During the period of the travel ban’s enactment, Warren released a statement that said “The faculty and staff of Kent State University affirm our long standing commitment to be a welcoming, inclusive environment where all feel at home. That commitment does not change as political or social movements change.”

Adriano Mangiryous, a student from Saudi Arabia, said he had been swayed by “anxiety and fear” over the ban to stay in the United States over the summer.

“I applied for summer positions. I’m currently working in campus just to make my summer more productive, but I was planning to go back home to make a new Visa so I can plan to study abroad as well, which was a part of my undergraduate plan,” said Mangiryous, a freshman biology major. “But then Mr. President’s order happened in January, and that blocked all my plans, so that’s something I would say may discourage people to Kent State in the future years unless anything gets resolved, at least for the Middle Eastern countries, I would say right now.”

As enrollment drops in America, Inside Higher Ed reported that four-in-10 institutions saw drops in international applications. That may be the case for the U.S., but some countries anticipate an increase in international student enrollment..

The New York Times reported that enrollment of international students expect to be “sharply higher” in Canadian universities in the fall. 

According to statistics provided by Marina Jimenez, a global media strategist at the University of Toronto in Canada, the college received a 22 percent increase in applications from outside of Canada and a 59 percent increase in students from India: 195 to 311.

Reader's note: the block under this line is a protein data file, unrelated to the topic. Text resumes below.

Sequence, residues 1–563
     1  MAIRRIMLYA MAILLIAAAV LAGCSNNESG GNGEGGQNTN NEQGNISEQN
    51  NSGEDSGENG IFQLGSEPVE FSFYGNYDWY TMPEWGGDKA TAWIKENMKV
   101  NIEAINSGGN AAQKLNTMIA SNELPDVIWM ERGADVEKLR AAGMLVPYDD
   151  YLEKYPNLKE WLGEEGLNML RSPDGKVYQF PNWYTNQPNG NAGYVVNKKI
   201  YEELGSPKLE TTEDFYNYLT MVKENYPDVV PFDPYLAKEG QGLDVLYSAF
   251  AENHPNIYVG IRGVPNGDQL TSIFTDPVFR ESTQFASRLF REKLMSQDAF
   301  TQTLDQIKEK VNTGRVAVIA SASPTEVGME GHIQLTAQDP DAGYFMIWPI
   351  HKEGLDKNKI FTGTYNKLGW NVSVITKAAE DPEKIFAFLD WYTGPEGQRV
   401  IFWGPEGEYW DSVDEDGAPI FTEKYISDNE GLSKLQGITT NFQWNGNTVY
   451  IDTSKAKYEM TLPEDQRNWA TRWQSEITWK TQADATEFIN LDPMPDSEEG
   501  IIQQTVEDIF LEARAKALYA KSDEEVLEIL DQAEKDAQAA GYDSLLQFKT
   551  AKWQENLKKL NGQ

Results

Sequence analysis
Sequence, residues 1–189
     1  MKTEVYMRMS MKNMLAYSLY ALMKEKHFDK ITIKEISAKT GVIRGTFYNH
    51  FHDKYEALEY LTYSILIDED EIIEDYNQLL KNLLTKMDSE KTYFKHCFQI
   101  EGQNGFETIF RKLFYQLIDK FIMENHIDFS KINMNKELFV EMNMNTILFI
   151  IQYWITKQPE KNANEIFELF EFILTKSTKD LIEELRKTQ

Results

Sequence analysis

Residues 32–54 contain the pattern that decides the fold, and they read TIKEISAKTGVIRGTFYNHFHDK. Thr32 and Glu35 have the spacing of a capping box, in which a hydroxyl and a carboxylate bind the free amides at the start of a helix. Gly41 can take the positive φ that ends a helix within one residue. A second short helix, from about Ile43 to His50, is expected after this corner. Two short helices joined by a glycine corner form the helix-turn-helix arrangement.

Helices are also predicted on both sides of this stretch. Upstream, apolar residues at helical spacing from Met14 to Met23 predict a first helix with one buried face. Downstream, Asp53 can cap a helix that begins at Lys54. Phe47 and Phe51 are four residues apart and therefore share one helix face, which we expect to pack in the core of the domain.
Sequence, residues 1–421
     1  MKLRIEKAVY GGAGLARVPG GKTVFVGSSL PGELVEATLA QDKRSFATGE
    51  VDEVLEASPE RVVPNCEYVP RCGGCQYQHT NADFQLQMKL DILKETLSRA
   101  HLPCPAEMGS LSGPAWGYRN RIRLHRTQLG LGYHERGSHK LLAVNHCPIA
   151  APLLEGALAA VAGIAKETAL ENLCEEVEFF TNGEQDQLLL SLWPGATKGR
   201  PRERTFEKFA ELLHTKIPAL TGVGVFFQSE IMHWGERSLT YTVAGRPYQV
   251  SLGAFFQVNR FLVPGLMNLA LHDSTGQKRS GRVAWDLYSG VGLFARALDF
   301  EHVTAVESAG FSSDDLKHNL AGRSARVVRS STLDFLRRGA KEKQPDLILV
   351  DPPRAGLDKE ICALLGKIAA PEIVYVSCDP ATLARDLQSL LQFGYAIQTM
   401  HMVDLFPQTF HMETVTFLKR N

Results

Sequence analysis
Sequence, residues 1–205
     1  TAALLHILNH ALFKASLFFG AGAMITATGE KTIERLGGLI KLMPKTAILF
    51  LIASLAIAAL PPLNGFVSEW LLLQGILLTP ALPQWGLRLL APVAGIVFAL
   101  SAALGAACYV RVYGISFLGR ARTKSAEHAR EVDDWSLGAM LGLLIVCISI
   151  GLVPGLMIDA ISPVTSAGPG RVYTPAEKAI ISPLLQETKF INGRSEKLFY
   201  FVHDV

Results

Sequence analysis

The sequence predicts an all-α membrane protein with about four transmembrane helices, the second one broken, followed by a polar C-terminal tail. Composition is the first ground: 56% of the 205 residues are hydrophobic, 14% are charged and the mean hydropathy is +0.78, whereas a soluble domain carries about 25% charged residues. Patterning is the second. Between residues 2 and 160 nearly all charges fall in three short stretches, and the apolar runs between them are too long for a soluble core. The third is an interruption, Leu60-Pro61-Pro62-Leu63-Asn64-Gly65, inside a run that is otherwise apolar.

“The United States is one of the top choices for international students to pursue the higher education, but with the restrictions happening, I wouldn’t say that would be a good choice for me, at least for my case,” Mangiryous said.

As a result of these issues, the Office of Global Education is seeking to re-invigorate international enrollment by diversifying their recruitment to other countries.

“I think one thing that we had always been setting in motion but now it’s a little bit more pronounced is strategies to diversify our recruitment portfolio,” Benhaida said. “You have to take advantage of favorable conditions, so if you have scholarships sending you students, obviously that’s a great opportunity for us to forge relationships with the scholarship bodies. But on the other hand, we are also working very hard to diversify our recruitment targets as well.”

The uncertain future of travel law in the U.S. also contributes to the amount of international student enrollment.

“We have to be, as we’re looking forward in our marketing plans and things like that, be aware that there’s a little bit of a change in perception if you will, among what we would call our marketplace all the way around the world,”  said Mike Taylor, marketing and communications specialist in the Office of Global Education.

Some of the other areas recruitment will market to includes Africa, Latin America and Southeast Asia.

“Actually, we’re looking at several other locations … geographical locations. I think Southeast Asia specifically. Vietnam is one of our key target areas right now. We’ve had a successful recruiting trip there,” Taylor said.

Taylor noted that even though the enrollment rates are lower for the Spring 2017 semester, the university international enrollment rate is still higher than in previous years. The Office of Global Education expected the drop — the favorable conditions which had given them a spike in enrollment had ended.

“It’s a pretty good pace that we’ve kept, from say, 2008 to now. Over the past eight years or so, it’s grown fairly steadily,” Taylor said. “Even with the enrollment numbers we expect for this fall, we’re still going to have far more international students than we did in 2008, so we’re happy about that.

Cameron Gorman is a reporter, contact her at [email protected].